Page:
I tend to like about 5% of the “conceptual art” that I see. Even so, I seek it out, because for me, personally, that 5% is worth it. Someone else might also like 5%, but a different 5%.
Even of the 95% I don’t care for, there’s another group of stuff that makes me think. Many, although certainly not all, conceptual artists provide some sort of explanation for what they were thinking and aiming for while they were creating the piece of art. By looking at the art, weighing the statements of the artists, evaluating if I think the artist was successful in meeting their goals, and considering my own response to the art, I’m engaging in a process which is valuable to me, even if the end result is a big thumbs down for the piece in question.
Also, most of this type of art is better in person. I often find I have a very different reaction after seeing the actual piece than I did after reading the reviews or seeing it on TV.
Even though my personal relationship with museums like the Whitney is in that love/hate category that sometimes threatens to overwhelm me and cause me to run screaming from the biennial, this art definitely should be displayed. Conceptual art incorporates many ideas that are for the most part unique to that particular kind of art, for example, that “found objects” can take on an aesthetic beyond their original intent; that the viewers’ reactions to a piece add a layer of meaning to the work; and that it is often the combination or juxtaposition of images/objects that provokes an emotional response, rather than the images themselves.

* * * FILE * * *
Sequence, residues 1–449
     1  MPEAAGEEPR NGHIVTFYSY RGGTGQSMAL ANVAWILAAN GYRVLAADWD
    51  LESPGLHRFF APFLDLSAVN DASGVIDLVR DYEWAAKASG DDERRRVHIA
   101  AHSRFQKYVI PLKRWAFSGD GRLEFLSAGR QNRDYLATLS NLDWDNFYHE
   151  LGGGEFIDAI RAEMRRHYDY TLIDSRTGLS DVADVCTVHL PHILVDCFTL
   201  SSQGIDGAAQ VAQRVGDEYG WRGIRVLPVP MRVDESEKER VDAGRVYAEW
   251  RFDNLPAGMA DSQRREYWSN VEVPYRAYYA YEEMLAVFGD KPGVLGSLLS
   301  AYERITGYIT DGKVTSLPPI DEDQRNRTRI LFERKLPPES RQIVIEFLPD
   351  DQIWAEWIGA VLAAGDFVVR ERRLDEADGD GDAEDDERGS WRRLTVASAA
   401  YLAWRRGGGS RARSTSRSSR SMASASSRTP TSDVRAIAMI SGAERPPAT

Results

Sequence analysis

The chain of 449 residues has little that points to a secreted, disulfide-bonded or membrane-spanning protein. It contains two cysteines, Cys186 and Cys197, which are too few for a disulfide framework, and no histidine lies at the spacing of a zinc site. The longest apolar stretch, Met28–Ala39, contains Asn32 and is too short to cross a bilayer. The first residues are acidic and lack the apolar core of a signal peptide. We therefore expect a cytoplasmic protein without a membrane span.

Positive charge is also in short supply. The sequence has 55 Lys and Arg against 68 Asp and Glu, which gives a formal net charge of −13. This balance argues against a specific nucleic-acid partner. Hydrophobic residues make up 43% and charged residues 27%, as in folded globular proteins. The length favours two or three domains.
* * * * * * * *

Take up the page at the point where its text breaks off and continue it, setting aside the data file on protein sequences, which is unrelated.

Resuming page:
One neat thing that I find about conceptual art is that many pieces combine images and text. This is found in some of the earliest art, such as Egpytian painting and in sculpture of the ancient Near East. The idea that the written word can add power and authority to an image has been around for a long time, and conceptual artists use it both to reinforce images, or to twist traditional meanings.